Auto-brewery syndrome

From Wikipedia, the free encyclopedia - View original article

 
Jump to: navigation, search

Auto-brewery syndrome, also known as gut fermentation syndrome, is a rare medical condition in which intoxicating quantities of alcohol are produced through endogenous fermentation within the digestive system.[1][2] Numerous cases have been documented in the medical literature.[3]

Claims of endogenous fermentation of this type have been used as a defense against drunk driving charges.[4][5]

One case[6] went undetected for 20 years.

It has also been investigated, but eliminated, as a possible cause of sudden infant death syndrome.[7]

The antifungal drug fluconazole tends to put an end to the condition.[8]

References[edit]

  1. ^ Michaeleen Doucleff (September 17, 2013). "Auto-Brewery Syndrome: Apparently, You Can Make Beer In Your Gut". NPR. 
  2. ^ Cordell, B.; McCarthy, J. (2013). "A Case Study of Gut Fermentation Syndrome (Auto-Brewery) with Saccharomyces cerevisiae as the Causative Organism". International Journal of Clinical Medicine 04 (7): 309. doi:10.4236/ijcm.2013.47054.  edit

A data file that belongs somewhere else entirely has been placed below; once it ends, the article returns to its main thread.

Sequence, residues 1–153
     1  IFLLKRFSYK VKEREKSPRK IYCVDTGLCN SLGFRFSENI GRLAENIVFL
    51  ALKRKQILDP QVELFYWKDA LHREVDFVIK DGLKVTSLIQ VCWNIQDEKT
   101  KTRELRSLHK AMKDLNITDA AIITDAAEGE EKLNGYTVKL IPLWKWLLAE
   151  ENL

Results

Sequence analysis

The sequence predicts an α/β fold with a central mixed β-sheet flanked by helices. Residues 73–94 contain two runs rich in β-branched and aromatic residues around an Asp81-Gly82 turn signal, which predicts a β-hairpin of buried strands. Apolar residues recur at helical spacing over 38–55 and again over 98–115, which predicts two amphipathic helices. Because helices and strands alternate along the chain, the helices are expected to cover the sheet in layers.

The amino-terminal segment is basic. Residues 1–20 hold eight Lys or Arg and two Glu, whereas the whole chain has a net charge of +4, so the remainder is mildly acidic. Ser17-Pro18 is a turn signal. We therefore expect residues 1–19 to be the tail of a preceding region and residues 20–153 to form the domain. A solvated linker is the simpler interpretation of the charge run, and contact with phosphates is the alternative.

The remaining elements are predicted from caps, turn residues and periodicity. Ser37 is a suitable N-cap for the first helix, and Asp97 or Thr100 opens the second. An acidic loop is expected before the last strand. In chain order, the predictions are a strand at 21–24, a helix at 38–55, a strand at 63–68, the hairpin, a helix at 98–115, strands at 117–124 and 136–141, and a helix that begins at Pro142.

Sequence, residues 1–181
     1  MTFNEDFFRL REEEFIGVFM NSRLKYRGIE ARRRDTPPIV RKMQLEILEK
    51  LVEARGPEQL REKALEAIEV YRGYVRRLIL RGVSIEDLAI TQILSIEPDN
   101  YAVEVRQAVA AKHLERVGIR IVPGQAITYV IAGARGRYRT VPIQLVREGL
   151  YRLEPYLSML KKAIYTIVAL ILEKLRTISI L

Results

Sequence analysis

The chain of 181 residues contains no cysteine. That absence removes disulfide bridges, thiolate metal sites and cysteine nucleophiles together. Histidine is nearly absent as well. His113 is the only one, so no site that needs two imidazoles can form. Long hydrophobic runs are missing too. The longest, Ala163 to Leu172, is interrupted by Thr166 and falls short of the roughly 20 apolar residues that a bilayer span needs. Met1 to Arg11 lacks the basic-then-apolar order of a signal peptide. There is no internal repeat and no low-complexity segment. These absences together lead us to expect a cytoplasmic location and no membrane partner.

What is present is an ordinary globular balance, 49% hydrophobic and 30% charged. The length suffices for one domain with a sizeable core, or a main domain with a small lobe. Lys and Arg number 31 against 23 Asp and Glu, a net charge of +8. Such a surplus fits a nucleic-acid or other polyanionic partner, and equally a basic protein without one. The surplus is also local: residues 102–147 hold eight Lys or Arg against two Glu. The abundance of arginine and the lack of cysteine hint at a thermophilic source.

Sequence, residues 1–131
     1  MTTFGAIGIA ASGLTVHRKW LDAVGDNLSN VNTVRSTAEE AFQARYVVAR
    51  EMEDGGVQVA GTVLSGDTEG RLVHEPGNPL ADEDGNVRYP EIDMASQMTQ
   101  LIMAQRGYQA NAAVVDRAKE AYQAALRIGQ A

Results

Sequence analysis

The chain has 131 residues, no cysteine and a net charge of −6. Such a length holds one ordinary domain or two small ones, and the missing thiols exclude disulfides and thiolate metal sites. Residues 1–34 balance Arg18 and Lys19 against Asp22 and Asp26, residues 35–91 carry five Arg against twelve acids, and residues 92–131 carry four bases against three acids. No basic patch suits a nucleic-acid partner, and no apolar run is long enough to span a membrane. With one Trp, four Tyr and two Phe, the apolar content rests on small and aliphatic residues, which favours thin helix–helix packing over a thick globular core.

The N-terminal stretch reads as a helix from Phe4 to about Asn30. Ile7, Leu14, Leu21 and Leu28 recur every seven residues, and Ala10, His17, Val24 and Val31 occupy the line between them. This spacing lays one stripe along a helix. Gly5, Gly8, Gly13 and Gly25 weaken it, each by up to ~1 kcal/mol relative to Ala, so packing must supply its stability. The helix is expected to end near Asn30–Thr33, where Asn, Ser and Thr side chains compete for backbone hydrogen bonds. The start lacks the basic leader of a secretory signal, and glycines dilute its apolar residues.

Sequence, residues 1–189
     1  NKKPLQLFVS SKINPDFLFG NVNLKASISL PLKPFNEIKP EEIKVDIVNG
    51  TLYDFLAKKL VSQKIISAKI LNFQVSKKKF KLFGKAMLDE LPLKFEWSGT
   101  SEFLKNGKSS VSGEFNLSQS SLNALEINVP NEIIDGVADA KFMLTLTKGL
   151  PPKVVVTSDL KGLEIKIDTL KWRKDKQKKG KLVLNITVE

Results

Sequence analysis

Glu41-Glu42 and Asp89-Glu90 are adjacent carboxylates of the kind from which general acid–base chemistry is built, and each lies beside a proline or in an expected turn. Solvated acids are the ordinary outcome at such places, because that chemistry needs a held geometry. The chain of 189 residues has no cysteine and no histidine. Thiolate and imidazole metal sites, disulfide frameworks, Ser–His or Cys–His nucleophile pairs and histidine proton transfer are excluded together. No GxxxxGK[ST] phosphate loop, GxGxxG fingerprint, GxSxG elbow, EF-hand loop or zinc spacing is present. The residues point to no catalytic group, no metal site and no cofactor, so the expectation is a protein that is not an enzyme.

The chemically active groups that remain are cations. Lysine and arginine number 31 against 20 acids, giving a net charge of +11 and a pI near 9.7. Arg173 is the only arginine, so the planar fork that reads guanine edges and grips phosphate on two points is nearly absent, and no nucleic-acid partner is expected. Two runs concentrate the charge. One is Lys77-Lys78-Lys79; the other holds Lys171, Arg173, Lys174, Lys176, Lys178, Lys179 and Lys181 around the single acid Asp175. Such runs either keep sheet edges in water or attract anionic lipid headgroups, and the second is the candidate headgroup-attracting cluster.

3. ^ Kaji, H.; Asanuma, Y.; Yahara, O.; Shibue, H.; Hisamura, M.; Saito, N.; Kawakami, Y.; Murao, M. (1984). "Intragastrointestinal Alcohol Fermentation Syndrome: Report of Two Cases and Review of the Literature". Journal of the Forensic Science Society 24 (5): 461–471. doi:10.1016/S0015-7368(84)72325-5. PMID 6520589.  edit
  4. ^ Logan BK, Jones AW (July 2000). "Endogenous ethanol 'auto-brewery syndrome' as a drunk-driving defence challenge". Medicine, science, and the law. Retrieved 2013-02-27. 
  5. ^ Cecil Adams (October 20, 2006). "Designated drunk: Can you get intoxicated without actually drinking alcohol?". The Straight Dope. Retrieved 2013-02-27. 
  6. ^ http://www.gazettelive.co.uk/news/auto-brewery-syndrome-teetotal-teesville-man-6148233
  7. ^ P. Geertinger MD, J. Bodenhoff, K. Helweg-Larsen, A. Lund (1982-09-01). "Endogenous alcohol production by intestinal fermentation in sudden infant death". Zeitschrift für Rechtsmedizin. Springer-Verlag. Retrieved 2013-02-27. 
  8. ^ http://www.scirp.org/journal/PaperInformation.aspx?PaperID=33912 (click the orange "open access" link to top left)